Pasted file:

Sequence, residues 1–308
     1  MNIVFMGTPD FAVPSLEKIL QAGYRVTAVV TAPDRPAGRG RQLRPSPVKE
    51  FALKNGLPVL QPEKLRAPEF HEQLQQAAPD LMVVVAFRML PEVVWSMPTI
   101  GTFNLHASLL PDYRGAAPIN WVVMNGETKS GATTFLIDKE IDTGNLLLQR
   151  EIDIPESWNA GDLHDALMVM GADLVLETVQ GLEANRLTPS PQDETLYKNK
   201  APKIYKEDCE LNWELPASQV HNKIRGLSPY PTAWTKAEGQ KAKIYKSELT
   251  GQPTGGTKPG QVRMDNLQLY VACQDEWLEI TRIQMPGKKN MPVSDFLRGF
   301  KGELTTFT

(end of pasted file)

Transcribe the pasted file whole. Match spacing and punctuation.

Sequence, residues 1–308
     1  MNIVFMGTPD FAVPSLEKIL QAGYRVTAVV TAPDRPAGRG RQLRPSPVKE
    51  FALKNGLPVL QPEKLRAPEF HEQLQQAAPD LMVVVAFRML PEVVWSMPTI
   101  GTFNLHASLL PDYRGAAPIN WVVMNGETKS GATTFLIDKE IDTGNLLLQR
   151  EIDIPESWNA GDLHDALMVM GADLVLETVQ GLEANRLTPS PQDETLYKNK
   201  APKIYKEDCE LNWELPASQV HNKIRGLSPY PTAWTKAEGQ KAKIYKSELT
   251  GQPTGGTKPG QVRMDNLQLY VACQDEWLEI TRIQMPGKKN MPVSDFLRGF
   301  KGELTTFT